365 days of orchids – day 41 – Cymbidium iridiodes

This species is the third Cymbidium from Sikkim to feature in 365 days of orchids. It is a large growing plant with flowers much smaller than Cymbidium hookerianum and lacking the delicate elegance of Cymbidium erythraeum but its flowers are remarkable for their distinctly red colouring and this species has been used in breeding to give red flowered hybrids. It is a variable species and many plants have a more yellow/brown base colour to the flowers but our clone has a much lighter ground under the red striping which gives a dramatic effect. The flowers do not open fully but we like the way that the flowers conceal such a lovely lip which is long, curved and wonderfully striped and spotted (well done Joe for taking such a great photo).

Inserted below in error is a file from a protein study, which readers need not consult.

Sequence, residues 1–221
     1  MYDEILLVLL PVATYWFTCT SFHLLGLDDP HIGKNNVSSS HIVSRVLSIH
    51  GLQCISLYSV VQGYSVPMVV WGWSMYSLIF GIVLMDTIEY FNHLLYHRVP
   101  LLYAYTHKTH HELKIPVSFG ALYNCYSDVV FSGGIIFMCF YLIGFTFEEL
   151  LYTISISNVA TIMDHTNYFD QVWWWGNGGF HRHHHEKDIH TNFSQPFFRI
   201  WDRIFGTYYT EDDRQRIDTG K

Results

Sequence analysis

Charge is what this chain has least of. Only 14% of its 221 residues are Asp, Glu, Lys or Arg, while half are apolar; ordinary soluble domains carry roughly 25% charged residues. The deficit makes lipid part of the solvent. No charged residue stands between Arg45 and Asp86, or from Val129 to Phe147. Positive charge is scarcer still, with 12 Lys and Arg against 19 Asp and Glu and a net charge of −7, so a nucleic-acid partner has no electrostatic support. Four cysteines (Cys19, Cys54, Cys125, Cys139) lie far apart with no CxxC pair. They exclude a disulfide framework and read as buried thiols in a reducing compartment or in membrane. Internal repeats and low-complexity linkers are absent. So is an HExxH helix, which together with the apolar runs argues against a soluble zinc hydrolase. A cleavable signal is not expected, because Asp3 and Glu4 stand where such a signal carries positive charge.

The natural range of the species is India (Sikkim, Arunachal Pradesh, Assam, Meghalaya) Nepal, Bhutan, Burma and China) and it is reported as growing at lower altitudes than Cymbidium hookerianum although we grow it it the same section (temperate) with a minimum 6C. We are pretty sure we have seen the two species growing together in forest near Labrang Monestry and the ruined Palace of Ongditse where Joseph Hooker was imprisoned for a while on his epic botanical exploration of Sikkim in the 1840s.



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